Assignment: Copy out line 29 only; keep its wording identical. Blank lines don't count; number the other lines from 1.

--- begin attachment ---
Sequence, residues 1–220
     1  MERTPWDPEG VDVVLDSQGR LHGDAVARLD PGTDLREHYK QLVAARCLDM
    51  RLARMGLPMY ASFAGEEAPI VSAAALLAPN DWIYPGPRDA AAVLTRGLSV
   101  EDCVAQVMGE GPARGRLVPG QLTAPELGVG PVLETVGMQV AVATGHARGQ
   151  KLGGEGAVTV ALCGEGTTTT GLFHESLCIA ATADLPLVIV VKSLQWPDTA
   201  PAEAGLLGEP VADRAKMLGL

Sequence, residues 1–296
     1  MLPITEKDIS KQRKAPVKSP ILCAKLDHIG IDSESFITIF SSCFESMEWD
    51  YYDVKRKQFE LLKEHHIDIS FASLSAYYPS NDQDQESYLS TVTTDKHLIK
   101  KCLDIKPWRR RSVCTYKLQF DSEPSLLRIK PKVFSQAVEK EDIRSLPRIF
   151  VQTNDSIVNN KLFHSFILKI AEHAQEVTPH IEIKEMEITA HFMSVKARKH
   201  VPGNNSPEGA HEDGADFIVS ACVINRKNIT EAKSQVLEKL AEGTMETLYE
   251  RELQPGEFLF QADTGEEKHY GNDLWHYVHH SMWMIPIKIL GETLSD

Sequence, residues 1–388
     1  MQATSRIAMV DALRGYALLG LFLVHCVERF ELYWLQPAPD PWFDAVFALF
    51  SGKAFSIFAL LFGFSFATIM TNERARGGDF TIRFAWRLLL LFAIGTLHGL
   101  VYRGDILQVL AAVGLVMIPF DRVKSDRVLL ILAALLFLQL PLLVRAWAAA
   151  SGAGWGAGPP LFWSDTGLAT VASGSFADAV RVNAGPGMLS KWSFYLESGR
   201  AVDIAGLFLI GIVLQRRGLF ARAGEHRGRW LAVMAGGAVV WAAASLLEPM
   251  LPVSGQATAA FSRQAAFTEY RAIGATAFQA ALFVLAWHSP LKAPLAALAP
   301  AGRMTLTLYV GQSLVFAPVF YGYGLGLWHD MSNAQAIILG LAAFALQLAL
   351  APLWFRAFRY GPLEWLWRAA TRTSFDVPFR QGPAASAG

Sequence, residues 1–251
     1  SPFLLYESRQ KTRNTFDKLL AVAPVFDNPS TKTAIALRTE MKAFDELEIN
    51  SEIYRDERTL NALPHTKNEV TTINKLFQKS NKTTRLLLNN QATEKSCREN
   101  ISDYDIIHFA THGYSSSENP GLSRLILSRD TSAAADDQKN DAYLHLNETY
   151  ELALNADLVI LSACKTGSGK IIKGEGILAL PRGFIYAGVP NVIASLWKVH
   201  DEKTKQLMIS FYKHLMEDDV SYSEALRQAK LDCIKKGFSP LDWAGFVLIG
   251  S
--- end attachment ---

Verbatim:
   251  S